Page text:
On October 7th, Democrats on the U.S. House Appropriations Subcommittee on Labor, Health and Human Services (HHS), and Education sent a letter to Chairman Jack Kingston (R-GA) requesting a hearing on Ebola in West Africa and the threat of a public health crisis in the U.S. The letter can be downloaded here.
On October 7th, aid groups responding to the Ebola outbreak in West Africa expressed opposition to British Airways’ decision to extend its ban on flights to and from Sierra Leone and Liberia, from December through the end of March. Critics argued British Airways’ decision sends the wrong message, hampers relief efforts, and will only increase the risk of the Ebola epidemic spreading further throughout West Africa. Details can be viewed here.
On October 8th, U.N. Secretary-General Ban Ki-moon appointed Marcel Ridasingwa of Rwanda to serve as Ebola Crisis Manager for Guinea, Peter Jan Graaff of the Netherlands to serve as Ebola Crisis Manager for Liberia, and Amadu Kamara of the U.S. to serve as Ebola Crisis Manager for Sierra Leone. The appointments came as the U.N. Food and Agriculture Organization (FAO) launched a program to provide food to 90,000 households affected by Ebola across all three countries and as the U.N. Mission in Liberia (UNMIL) announced that one of its international staff members had tested positive for Ebola. Developments at the U.N. were shared here.
On October 8th, the World Bank issued a new economic impact assessment on the potential economic effects of the Ebola outbreak in West Africa. If Ebola is not contained and the virus spreads beyond Guinea, Liberia, and Sierra Leone, the World Bank forecasts the two-year regional financial impact could reach $32.6 billion by the end of 2015. The report expresses optimism that the outbreak can be contained, similar to the outcomes in Nigeria and Senegal, and encourages responders to focus on dispelling the fear that has led some countries to close their borders and airlines and companies to suspend their activities in the hardest hit West African countries. The full report can be downloaded here.
On October 8th, U.S. President Barack Obama hosted a conference call with federal, state, and local officials to discuss domestic preparedness for Ebola. Additional participants included HHS Secretary Sylvia Matthews Burwell, Department of Homeland Security (DHS) Jeh Johnson, CDC Director Dr. Tom Frieden, Senior Adviser Valerie Jarrett, and Assistant to the President for Homeland Security and Counterterrorism and Deputy National Security Advisor Lisa Monaco. A transcript of the call was posted here.
On October 8th, White House Spokesman Josh Earnest announced that temperature screenings of passengers coming from West Africa would be implemented in the next seven days at five international airports, including Kennedy International, Washington Dulles International, O’Hare International, Hartsfield-Jackson International, and Newark Liberty International. Officials report that about 90 percent of those arriving from Liberia, Sierra Leone and Guinea enter the U.S. through these airports. Read the full story here.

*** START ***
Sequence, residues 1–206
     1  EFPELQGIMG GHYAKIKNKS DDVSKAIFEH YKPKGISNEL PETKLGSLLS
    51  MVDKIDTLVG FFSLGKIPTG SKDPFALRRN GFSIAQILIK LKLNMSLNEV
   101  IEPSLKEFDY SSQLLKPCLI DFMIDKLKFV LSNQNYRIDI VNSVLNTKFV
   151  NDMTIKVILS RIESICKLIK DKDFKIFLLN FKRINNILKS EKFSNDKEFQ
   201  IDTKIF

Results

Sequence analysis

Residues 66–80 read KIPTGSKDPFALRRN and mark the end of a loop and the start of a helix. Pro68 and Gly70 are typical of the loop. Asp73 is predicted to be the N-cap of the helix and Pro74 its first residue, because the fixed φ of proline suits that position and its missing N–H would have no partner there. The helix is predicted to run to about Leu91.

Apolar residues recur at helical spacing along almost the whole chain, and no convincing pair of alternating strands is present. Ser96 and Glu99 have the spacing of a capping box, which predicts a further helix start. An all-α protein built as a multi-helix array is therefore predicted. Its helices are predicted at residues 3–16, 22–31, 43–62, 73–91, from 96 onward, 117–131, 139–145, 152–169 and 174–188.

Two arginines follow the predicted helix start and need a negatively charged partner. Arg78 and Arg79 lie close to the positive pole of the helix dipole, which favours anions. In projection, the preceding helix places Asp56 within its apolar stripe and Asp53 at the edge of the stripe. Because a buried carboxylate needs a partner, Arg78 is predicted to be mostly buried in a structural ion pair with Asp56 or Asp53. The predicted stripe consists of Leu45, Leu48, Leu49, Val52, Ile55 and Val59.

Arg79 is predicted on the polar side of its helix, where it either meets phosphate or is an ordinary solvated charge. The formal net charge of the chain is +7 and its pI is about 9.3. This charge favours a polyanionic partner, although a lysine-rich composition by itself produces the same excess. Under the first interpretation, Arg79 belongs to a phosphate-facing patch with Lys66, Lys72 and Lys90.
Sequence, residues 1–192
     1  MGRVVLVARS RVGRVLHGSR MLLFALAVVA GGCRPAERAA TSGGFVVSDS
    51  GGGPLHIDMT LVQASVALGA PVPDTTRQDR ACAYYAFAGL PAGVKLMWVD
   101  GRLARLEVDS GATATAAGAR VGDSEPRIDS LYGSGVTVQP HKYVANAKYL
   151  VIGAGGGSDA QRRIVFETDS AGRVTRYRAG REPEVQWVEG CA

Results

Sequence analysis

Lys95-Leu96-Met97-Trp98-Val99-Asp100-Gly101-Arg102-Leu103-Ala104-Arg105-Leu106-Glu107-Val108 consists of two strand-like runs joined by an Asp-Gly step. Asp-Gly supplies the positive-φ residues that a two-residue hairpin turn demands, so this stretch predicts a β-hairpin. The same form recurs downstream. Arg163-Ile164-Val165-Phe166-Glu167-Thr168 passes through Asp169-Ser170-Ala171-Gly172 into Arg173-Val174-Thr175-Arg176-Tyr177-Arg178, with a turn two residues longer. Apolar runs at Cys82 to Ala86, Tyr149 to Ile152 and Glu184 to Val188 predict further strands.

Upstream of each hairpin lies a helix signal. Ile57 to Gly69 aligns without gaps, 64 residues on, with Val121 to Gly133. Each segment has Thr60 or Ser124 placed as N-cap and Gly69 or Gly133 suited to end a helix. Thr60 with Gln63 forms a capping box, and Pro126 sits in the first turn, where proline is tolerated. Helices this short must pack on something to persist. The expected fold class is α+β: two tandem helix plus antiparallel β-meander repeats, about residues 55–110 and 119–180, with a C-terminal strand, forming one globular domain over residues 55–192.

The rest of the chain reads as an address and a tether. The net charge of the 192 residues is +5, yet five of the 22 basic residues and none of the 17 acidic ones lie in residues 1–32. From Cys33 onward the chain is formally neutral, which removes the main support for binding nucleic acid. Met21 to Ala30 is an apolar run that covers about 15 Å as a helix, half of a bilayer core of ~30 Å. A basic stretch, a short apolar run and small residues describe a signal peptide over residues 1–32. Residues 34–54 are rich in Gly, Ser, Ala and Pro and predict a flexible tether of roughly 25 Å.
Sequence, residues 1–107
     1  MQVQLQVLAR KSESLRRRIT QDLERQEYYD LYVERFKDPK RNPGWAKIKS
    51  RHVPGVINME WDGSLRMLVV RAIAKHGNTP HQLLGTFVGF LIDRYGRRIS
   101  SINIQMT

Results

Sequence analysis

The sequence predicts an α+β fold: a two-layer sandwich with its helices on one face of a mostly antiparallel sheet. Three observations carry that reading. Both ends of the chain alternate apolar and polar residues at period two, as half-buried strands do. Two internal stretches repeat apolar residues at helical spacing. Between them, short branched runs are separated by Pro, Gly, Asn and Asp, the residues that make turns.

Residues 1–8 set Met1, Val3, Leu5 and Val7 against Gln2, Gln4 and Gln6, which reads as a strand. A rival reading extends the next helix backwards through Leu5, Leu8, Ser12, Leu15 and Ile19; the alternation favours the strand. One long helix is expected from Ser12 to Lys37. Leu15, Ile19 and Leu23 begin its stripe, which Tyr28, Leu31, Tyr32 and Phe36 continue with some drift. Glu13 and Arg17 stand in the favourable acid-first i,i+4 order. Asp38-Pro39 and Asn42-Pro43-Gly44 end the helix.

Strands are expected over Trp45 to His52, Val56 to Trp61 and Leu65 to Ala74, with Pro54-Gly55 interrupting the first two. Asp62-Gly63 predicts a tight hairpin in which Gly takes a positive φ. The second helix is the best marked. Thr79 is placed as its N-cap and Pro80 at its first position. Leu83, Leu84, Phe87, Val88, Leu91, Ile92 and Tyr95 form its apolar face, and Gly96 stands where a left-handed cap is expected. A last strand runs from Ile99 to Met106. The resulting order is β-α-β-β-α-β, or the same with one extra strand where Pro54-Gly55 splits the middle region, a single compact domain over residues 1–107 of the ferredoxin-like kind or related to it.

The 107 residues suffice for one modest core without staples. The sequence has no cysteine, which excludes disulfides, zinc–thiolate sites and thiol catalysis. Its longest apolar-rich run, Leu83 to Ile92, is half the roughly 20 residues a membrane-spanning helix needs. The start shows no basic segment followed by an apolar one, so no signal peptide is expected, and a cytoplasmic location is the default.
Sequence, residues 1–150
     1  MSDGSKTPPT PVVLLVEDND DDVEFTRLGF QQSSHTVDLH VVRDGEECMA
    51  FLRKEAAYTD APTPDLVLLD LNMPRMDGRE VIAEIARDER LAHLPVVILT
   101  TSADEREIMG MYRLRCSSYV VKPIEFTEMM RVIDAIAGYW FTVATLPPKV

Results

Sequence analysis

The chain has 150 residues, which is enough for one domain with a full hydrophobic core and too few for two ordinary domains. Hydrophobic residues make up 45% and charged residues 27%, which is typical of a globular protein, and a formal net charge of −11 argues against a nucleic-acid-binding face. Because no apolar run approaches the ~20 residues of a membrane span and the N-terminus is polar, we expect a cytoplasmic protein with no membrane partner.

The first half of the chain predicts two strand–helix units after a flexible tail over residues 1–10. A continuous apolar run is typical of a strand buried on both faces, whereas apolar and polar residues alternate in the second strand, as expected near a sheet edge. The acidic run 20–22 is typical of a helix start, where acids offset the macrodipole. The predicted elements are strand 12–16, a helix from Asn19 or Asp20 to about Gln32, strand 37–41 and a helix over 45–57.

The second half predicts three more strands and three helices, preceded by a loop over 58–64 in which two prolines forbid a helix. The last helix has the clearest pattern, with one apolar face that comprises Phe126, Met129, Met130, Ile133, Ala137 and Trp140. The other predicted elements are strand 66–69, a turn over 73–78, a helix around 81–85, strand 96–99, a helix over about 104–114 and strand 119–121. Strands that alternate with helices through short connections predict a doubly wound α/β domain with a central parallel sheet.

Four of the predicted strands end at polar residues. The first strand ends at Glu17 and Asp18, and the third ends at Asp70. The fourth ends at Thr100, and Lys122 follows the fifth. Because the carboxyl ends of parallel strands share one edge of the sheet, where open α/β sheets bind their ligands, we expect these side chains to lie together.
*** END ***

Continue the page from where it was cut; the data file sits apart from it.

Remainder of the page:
On October 8th, the U.S. Department of Defense (DOD) announced 100 Marines and sailors from the Special Marine Air-Ground Task Force Crisis Response Africa, based in Moron, Spain, would arrive in Monrovia, Liberia, on Thursday to inject airlift capabilities into U.S. response efforts to Ebola in West Africa. The bridging task force will arrive with four MV 22 Osprey aircraft and 2 KC-130 tanker and aircraft that will be used to transport people and cargo between Liberia and a U.S. air hub in Senegal. Details are available here.
On October 8th, the U.S. Defense Logistics Agency (DLA) noted it has been coordinating with humanitarian assistance staff from AFRICOM to help send 1,400 cots, more than 100 pallets of meals, and about 150 ballets of bottled water to Liberia and Senegal, to aid in U.S. Ebola response efforts. DLA is also sending insect repellent and mosquito nets to the Ebola-affected region. A press release was issued here.
On October 8th, 27 Members of the U.S. House of Representatives, including three Democrats, sent a
letter to President Barack Obama calling for more active screening of travelers to and from countries in West Africa affected by the Ebola outbreak. They also requested that the State Department impose a travel ban and restrict travel visas issued to citizens of the West African countries experiencing the epidemic until Ebola has been contained. The letter can be downloaded here.
On October 8th, Texas Health Presbyterian Hospital announced that Thomas Eric Duncan died from Ebola virus. Robert Murphy, a professor of medicine and biomedical engineering at Northwestern University, said Duncan’s potential for recovery was further complicated by a two-day delay in treatment. Health officials at Texas Health Presbyterian Hospital indicated Duncan will be cremated according to CDC instructions for handling a body infected with Ebola. Details on Duncan’s passing can be read here.
On October 8th, Bloomberg reported the bill for Thomas Eric Duncan’s care for Ebola may total